from the Blog

They Respect What You Inspect


  • Do you follow the posted speed limits on roads and highways in your community (most of the time)? Why? How attentive would you be to those speed limits if there was no law enforcement present to inspect your actions? Be honest.
  • Are their people on your team that routinely roll in to work 15 minutes late? How attentive would they be if there was a time clock to record (inspect) their actions? (Note: I am not suggesting that every type of business use a time clock, but it is certainly an effective way to control tardiness if that is important to your business). 

  • Many businesses – restaurants and fast food – post cleaning schedules in their public restroom facilities. Have you noticed? These restrooms are generally cleaner and better maintained than those without this public display. The persons responsible for this know that their work is being inspected. 

When you give it some perspective this is such a crazy simple concept. People respect what you inspect. 

We work diligently to create company policies and business processes to guide our teams. This is pretty simple stuff, or so it seems. We have expectations that everyone will comply. We have expectations that our fellow co-workers will comply.

It has been proven over and over that expectations are not enough. People pick and choose what they comply with based on their personal values of what is important.

Whether it is an employee, someone else on your team, or even your boss, if you want to effect compliance with policies or influence change you have to inspect the work. How can we make this happen?

Some ideas: 

  • Help a team member be accountable to a deadline by creating a calendar event for the due date and inviting them. Using calendars is an incredibly useful tool. Create advance reminders as appropriate. Not only does this reinforce the deadline, but will impress upon the team member the importance of the task. This is something that can work really good with your supervisor – if you have a supervisor that routinely drops the ball.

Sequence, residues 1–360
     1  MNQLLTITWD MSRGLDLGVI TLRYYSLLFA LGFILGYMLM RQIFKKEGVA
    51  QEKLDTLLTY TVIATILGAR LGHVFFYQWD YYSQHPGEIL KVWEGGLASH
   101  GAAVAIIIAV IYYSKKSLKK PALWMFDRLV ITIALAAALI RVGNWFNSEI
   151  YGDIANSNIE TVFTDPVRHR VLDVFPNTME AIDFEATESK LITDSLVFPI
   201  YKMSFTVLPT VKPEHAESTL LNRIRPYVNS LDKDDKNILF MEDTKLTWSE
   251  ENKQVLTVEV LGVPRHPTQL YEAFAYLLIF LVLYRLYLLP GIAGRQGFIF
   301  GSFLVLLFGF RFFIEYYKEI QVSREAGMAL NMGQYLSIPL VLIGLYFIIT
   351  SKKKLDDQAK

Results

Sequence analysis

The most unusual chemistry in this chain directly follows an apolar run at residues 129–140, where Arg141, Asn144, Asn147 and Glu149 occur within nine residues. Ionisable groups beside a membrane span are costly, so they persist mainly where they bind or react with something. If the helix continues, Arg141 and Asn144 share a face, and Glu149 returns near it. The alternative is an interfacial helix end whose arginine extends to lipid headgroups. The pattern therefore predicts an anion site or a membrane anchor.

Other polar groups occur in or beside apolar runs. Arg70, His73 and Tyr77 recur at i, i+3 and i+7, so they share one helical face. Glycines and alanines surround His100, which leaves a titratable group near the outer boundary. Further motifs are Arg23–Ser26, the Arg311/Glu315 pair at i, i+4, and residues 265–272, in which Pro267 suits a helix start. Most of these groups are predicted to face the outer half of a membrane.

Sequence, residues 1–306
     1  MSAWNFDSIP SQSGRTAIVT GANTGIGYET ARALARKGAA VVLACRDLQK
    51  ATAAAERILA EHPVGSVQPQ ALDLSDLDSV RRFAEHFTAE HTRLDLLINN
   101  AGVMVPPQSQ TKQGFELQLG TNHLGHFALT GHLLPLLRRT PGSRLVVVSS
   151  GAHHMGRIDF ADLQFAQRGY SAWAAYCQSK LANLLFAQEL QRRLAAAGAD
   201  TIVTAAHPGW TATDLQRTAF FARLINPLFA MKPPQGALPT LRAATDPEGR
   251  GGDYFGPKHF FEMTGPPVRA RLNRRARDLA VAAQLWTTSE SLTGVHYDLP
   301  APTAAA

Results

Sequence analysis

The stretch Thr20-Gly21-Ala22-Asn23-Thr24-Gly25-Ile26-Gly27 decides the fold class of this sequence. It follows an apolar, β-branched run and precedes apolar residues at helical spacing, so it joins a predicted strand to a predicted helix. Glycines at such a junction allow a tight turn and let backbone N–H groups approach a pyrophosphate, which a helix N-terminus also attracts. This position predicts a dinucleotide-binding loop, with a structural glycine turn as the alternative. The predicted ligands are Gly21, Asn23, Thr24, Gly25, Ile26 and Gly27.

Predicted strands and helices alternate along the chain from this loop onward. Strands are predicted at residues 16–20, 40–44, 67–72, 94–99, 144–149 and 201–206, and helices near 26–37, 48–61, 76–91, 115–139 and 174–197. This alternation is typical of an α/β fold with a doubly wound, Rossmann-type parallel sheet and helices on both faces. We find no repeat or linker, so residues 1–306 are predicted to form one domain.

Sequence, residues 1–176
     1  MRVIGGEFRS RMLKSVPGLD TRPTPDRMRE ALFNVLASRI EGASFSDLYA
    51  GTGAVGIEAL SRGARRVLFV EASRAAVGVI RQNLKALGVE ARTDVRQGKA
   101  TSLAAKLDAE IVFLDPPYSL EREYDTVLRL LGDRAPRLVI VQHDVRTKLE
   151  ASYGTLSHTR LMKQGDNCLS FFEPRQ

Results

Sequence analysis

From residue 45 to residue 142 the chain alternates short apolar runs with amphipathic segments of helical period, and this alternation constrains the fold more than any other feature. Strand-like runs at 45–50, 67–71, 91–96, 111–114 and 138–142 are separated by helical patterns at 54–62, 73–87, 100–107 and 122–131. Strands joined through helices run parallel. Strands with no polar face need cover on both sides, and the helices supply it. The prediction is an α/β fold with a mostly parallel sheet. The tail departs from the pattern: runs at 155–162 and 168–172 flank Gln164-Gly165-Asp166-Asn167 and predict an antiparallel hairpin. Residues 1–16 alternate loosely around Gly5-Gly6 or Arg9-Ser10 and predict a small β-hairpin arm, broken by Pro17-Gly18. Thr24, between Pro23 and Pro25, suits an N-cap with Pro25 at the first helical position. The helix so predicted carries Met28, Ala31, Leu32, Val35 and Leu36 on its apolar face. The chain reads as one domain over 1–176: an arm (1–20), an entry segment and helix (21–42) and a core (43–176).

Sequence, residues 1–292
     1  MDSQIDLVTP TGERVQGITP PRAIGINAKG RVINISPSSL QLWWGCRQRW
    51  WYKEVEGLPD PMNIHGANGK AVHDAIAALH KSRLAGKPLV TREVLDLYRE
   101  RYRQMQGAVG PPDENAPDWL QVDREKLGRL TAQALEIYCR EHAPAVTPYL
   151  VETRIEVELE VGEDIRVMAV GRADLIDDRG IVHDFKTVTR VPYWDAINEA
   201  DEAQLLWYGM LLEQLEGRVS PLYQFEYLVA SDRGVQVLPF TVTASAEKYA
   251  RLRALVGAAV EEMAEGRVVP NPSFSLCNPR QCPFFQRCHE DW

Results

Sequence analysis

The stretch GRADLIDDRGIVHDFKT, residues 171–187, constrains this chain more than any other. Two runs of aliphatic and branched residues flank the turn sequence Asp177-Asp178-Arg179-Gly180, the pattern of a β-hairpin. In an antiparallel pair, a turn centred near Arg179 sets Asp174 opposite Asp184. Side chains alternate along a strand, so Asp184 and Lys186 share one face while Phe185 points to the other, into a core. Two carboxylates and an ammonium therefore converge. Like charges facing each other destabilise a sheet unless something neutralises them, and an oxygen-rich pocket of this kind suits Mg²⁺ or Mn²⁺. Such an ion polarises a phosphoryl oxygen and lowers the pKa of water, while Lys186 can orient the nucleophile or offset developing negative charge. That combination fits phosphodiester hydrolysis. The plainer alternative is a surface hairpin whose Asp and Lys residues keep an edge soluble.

• Checklists, sign offs, can be an important part of your processes (the restroom example above). What type of sign off opportunities might be appropriate in your business – a second set of initials on a contract or proposal review or Q/A Q/C checklists.
  • Measurement and regular publishing of team sales, production, or performance objectives. Measurement (inspection) signals that something is important. These types of reports can be motivators for the team. They provide the basis for celebrating successes and identifying weak links.
  • Set clear, measurable goals and expectations. Publicly visit (inspect) quarterly goals weekly or biweekly. Are you on track or off track?

This is not necessarily about being a watch dog. The things you are inspecting must have meaning. Your team must understand how or why the inspection adds value. Their must be a basic buy in for policies and processes. At the end of the day this is about accountability. Most of us have extremely good intentions, things just slip through the cracks. Creating a system of inspections is a way to help you and your team be more successful.

This Week

Think about your own situation. Is their a part of your work, while inherently valuable, would probably slide if it weren’t for somebody looking over your shoulder or creating a deadline? Is this oversight, or inspection, helping you to be more successful?

If you need to change a behavior, instead of trying to force it, try influencing it by creating a process that includes inspection.  People respect what you inspect. 

. . . go have an Awesome Week!

Tom Trabue